Last Updated on 2016-07-22We live in a mobile world. We take our devices everywhere we go and do countless daily tasks on them. And increasingly, mobile technology is becoming part of daily life in education as well. So, why, when it comes to language learning, are so many of our lessons still so “non-mobile”? The language lab,[…]

Assigning Speaking Practice over the Summer with Extempore

Last Updated on 2018-12-12If there’s anything that teachers and students can agree on, it’s that summer vacation is…what’s the word? Amazing? Phenomenal? Ecstatic? But, as we all know, there’s a price to pay.  Our language students–at any level–get more than a little rusty. Those preterit and imperfect endings get mixed up, commands get forgotten altogether. All those[…]

6 Image-based Extempore Tasks to Get Your Students Talking

Last Updated on 2017-11-27We’ve all heard the cliché: a picture is worth a thousand words. But with Extempore, the expression might actually have some literal truth to it! That’s because our app allows teachers and students to use images to kickstart a discussion in the target language. Obviously, an audio prompt from a teacher most closely mimics[…]

Extempore to Present at 98th Annual AATSP Conference

Last Updated on 2016-07-02For all of you Spanish and Portuguese teachers out there, we wanted to let you know that we’ll be presenting Extempore at the upcoming 98th Annual AATSP (American Association of Teachers of Spanish and Portuguese) Conference in Miami, Florida (July 8 – 11, 2016). Two of Extempore’s founders, Susana Pérez Castillejo, Ph.D.[…]

What Makes a Day a Good Day? The Present Perfect in Spoken Practice

We have written extensively about why assessing students’ oral skills regularly makes sense (see for example our posts from Jan 3, 2016 or May 24, 2016). Let me share now one way in which I have used Extempore in the classroom to formatively assess my students’ speaking skills with a particular learning goal in mind:[…]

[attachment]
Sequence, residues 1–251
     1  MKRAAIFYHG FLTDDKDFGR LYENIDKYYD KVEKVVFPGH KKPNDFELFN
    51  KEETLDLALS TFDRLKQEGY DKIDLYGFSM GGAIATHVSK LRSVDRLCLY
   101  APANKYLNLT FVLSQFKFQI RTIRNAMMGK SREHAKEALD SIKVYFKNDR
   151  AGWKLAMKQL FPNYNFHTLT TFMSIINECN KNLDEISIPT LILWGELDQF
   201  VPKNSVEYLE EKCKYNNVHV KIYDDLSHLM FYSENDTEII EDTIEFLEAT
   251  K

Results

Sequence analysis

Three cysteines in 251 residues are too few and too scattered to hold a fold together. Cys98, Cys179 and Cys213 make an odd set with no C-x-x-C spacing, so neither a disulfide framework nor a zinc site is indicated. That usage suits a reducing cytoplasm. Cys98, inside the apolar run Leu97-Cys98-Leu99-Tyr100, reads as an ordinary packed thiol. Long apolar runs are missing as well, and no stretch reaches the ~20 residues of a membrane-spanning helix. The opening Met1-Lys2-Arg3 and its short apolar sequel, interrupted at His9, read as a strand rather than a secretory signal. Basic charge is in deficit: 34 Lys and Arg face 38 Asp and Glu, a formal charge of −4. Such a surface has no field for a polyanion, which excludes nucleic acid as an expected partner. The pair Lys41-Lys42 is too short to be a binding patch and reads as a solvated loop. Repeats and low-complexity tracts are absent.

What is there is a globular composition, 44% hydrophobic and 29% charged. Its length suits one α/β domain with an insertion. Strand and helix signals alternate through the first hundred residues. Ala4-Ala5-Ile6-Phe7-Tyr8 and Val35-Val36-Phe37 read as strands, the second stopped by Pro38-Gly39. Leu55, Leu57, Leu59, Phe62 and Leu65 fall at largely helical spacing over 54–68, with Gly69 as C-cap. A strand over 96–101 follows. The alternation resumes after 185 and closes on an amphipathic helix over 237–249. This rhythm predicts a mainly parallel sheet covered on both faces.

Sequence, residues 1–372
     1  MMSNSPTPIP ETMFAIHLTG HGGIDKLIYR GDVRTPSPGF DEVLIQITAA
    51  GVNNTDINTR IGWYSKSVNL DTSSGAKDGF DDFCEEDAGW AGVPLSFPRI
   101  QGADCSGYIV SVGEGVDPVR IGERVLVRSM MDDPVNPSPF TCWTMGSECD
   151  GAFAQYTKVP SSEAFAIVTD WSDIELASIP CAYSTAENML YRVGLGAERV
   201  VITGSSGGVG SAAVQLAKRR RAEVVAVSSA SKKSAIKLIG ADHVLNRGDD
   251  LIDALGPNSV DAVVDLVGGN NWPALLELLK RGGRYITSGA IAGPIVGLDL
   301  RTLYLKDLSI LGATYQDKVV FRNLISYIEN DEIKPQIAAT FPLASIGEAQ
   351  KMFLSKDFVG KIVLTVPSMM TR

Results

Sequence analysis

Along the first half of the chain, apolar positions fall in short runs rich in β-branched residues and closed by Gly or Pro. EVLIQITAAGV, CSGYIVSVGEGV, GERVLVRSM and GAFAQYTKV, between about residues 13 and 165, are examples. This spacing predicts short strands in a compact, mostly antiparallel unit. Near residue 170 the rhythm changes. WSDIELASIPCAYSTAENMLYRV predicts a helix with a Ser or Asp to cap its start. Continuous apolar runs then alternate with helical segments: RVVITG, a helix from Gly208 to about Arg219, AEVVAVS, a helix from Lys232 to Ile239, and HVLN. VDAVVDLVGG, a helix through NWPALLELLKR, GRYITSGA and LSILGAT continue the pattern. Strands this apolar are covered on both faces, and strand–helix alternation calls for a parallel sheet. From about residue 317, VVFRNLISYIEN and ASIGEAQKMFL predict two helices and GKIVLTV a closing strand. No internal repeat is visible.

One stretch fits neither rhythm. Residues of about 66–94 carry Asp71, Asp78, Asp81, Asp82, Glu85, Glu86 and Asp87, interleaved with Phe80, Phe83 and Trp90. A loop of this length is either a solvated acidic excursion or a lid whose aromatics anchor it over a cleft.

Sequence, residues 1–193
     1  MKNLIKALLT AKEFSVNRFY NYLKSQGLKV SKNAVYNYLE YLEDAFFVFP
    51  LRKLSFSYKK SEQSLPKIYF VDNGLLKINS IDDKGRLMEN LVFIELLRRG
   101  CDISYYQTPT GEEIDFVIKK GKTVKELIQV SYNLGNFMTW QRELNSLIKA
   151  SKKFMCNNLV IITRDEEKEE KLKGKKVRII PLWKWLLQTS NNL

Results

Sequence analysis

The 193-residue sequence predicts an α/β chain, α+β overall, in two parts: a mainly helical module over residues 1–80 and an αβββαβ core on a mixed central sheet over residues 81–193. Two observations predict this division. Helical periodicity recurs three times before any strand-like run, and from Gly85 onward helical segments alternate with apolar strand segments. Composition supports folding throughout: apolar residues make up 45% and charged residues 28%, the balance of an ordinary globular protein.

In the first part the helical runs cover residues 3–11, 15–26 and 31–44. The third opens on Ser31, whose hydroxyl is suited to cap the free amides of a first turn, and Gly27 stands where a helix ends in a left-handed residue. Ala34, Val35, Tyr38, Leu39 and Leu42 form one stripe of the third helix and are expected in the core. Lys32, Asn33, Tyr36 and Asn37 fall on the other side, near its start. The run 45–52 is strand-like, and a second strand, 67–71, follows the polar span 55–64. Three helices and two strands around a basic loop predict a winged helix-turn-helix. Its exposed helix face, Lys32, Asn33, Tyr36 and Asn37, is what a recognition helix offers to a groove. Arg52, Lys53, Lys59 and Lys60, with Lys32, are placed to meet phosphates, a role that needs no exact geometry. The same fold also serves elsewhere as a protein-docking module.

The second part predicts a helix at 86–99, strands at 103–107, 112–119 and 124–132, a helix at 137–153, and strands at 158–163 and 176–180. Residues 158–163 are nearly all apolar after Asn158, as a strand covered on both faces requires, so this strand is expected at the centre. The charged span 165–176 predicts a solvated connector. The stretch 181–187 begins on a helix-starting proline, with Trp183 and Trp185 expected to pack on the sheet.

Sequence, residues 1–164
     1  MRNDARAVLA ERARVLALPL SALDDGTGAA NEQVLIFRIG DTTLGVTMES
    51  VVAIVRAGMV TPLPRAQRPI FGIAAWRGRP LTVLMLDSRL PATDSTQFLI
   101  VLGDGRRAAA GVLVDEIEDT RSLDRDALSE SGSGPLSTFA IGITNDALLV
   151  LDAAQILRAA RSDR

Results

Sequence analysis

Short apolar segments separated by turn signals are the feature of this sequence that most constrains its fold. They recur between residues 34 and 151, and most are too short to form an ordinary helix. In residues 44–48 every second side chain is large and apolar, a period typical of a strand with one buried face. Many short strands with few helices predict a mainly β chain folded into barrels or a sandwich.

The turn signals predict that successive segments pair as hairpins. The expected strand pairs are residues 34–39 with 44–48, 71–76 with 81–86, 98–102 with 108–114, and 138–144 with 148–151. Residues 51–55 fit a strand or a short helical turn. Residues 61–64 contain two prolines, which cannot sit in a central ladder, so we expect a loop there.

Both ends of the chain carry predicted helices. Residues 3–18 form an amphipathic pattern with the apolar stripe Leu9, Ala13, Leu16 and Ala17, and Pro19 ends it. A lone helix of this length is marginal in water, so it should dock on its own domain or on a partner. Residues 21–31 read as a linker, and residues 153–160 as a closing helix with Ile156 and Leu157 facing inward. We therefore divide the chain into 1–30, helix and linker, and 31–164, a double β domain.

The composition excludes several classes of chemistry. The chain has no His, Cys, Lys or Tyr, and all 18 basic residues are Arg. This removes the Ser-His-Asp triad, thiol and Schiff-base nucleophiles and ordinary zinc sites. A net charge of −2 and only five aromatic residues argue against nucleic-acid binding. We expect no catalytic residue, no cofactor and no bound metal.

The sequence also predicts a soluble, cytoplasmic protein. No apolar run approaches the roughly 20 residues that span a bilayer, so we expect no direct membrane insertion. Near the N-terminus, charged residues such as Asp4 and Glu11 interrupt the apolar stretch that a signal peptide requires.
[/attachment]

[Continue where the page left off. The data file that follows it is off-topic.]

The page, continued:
Three Activities to Use Extempore as a Conversation Builder

Last Updated on 2018-08-28The last week of classes one of my students said that he was going to tell his AP Spanish teacher from high school about Extempore. I asked why and he explained that she had students record themselves talking about different topics in preparation for the AP Exam. He said that submitting recordings[…]

Breaking Down the Affective Filter and Building Confidence with Extempore

Last Updated on 2017-11-27I see it every year (and sometimes, sadly, every day). The stammering, the shaking hands, the downcast eyes, the fear. For some students, the world language classroom is a place of total anxiety and dread–a place that, if possible, they’d flee from as fast as possible. And no amount of kind, encouraging[…]

Conversation Starters in Spanish from TakeLessons.com

Last Updated on 2017-11-27Are you a beginning learner of Spanish? Do you just need some help getting started with a conversational partner? Or are you a teacher of beginning Spanish trying to get your students to use the language? Well, we wanted to take a moment to post a quick, handy guide to starting your conversation in[…]

Study Abroad Spoken Journals on Extempore

Last Updated on 2017-11-27A while back, I was rummaging through some personal belongings, and I stumbled across my old study abroad journal that I kept while studying in Madrid. Unsurprisingly, my reactions to its 15-year-old contents ranged from utter horror to belly laughs to nostalgia. The rediscovery of my journal got me thinking. Since my semester[…]

Extempore on Google Chromebooks

Perhaps you’re already using a Google Chromebook. There’s a lot to like about Chromebooks: they’re easy to use, cheap, and very secure. People are catching on to this, too, as they outpaced Macs in sales this year in the U.S. And if you’re a fan of Chromebooks, or if you’re interested in trying one, there’s good news.[…]

Using the Subjunctive to “Solve” Environmental Problems

Several of our blog posts have been bigger picture recommendations for how Extempore can help you more effectively and efficiently assess student learning. Well, this time, let’s try looking at how a classroom activity with a specific learning goal in mind can help improve speaking (and listening) skills. In the second semester of my high school Spanish 2[…]

Feedback for Oral Assessments in the World Languages Classroom

Why are you giving feedback on EVERYTHING? Many of us, especially new teachers, tend to hold the unfounded belief that effective teaching means extensive feedback. Yes, feedback is powerful and beneficial for learning, but not all types of feedback are created equal. In fact, research shows that some forms of feedback have no effect or[…]